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NBC starts streaming with a TV-style platform, Peacock
[LOS ANGELES] NBCUniversal's streaming platform, Peacock, looks a whole lot like broadcast TV.
The free version comes with commercials and plenty of vintage hits like The King of Queens and Everybody Loves Raymond. And it offers something viewers might have missed while they were logged onto other streamers: the ability to channel-surf.
The service said it has brought back the analog-era pastime by grouping its programming into distinct feeds, with one dedicated to NBC's late night hosts and another for the network's morning franchise, Today, among others.
Peacock, which becomes widely available Wednesday, is also trying to distinguish itself from Netflix, Disney+, HBO Max and other competitors by betting that viewers want a free or low-cost streaming option during the coronavirus pandemic.
"People are looking for more affordable options," said Matt Strauss, chairman of Peacock and NBCUniversal Digital Enterprises. "That was true before the pandemic and now that we are in the middle of it, arguably heading toward a recession, affordability is even more relevant than when we first laid out our strategy seven months ago."
In April, Comcast offered a sneak peak of the streaming service to its 15 million subscribers who use either its cable offering XFinityX1 or the cord-cutting model Flex. Executives said people stuck at home because of virus restrictions were feasting on old shows — "comfort food TV", as Mr Strauss put it.
Mr Strauss, who was the executive vice-president of Comcast's Xfinity Services before taking the helm of Peacock in October, said the three-month testing period had proved that streaming viewers were just as happy to flip through options before settling on a show, just as they did in the traditional TV era.
That finding prompted the company to build 20 channels within Peacock. In addition to the late-night and Today feeds, it will have one dedicated to Saturday Night Live and others for news and sports. The company said it will expand the offering to 40 channels within the platform in the coming months, on its way to 70 by year's end.
"There has been a false narrative that, because ratings have been declining, people don't watch linear TV anymore," Mr Strauss said. "That was never true. We have found with our cord-cutters that the channels are getting 10 times the usage they were getting with a pay TV subscriber."
Peacock is vital to Comcast, NBCUniversal's parent company, a late arrival to streaming. The company has designed the service so that it generates the bulk of its revenue from advertising, rather than subscriptions.
The ad-supported versions offers more than 10,000 hours of content, with no more than five minutes of commercials for each hour of programming. The platform also comes in two other versions: Peacock Premium, with ads and more than 20,000 hours of content, at US$5 a month (or free for Comcast and Cox cable subscribers); and a second iteration of Peacock Premium, with no commercials, at US$10 a month. The basic Netflix plan costs US$9 a month. Hulu offers a low-cost option, with ads, for US$6 a month.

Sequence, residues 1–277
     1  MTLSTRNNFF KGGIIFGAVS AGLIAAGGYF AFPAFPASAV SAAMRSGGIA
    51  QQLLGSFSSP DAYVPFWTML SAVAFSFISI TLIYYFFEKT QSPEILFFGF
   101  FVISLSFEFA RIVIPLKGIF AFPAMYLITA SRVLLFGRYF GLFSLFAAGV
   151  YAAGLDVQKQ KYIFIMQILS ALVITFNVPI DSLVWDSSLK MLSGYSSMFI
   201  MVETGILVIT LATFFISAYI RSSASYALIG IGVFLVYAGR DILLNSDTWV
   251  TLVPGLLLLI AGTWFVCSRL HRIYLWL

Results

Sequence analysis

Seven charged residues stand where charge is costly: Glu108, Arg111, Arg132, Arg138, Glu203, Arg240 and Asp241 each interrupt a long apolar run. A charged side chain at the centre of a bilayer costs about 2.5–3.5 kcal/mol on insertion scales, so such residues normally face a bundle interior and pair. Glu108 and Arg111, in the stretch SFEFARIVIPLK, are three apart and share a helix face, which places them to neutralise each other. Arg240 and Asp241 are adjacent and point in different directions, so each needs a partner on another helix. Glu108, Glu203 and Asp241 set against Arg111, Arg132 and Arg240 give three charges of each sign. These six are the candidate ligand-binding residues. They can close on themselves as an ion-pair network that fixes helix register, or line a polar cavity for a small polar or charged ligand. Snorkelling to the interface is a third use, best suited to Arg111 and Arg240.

NBCUniversal's competitors have moved in on the market for free, ad-supported streaming services. ViacomCBS bought Pluto last year, and Rupert Murdoch's Fox announced in March that it had made a deal for another free streamer, Tubi.
Despite its back-to-the-future feel, Peacock will offer original programming, with nine series to be unveiled Wednesday, including Brave New World, an adaptation of Aldous Huxley's 1932 science fiction classic starring Alden Ehrenreich and Demi Moore, and Intelligence, a comedy with Friends alumnus David Schwimmer.
Greg Portell, the head of global consumer industries and retail and management consulting firm Kearney, said audiences are still hungry for streaming content. "Many of us have been locked up for four months now," he said. "We've gone through Disney+, Hulu and we are looking for something new."
The rollout of Peacock was originally planned to coincide with one of NBCUniversal's biggest, most expensive and highest-rated productions: the Olympics. Now, instead of the frequent television ads that would have promoted the service between competitions at the postponed Tokyo Summer Games, NBCUniversal, the exclusive broadcaster of the Olympics in the United States, will have to get the word out in a less splashy manner.
The lack of hype may mean that Peacock could catch potential customers by surprise. According to a Variety/YouGov survey, as of mid-June, awareness of the platform was hovering in the 27 per cent range, just above Quibi's 24.8 per cent rating and well below Netflix's 92.8 per cent.
Despite the changed circumstances of the debut, Mr Strauss said he had not changed Peacock's original goal of attracting 30 million to 35 million users and US$2.50 billion in revenue by 2024.
Mr Strauss added that he expected awareness of Peacock to be at a high level in January, when the platform becomes the exclusive streaming home of The Office. The NBC sitcom has had a lucrative afterlife, not only as a syndicated series, but as a Netflix staple, since its first run ended in 2013.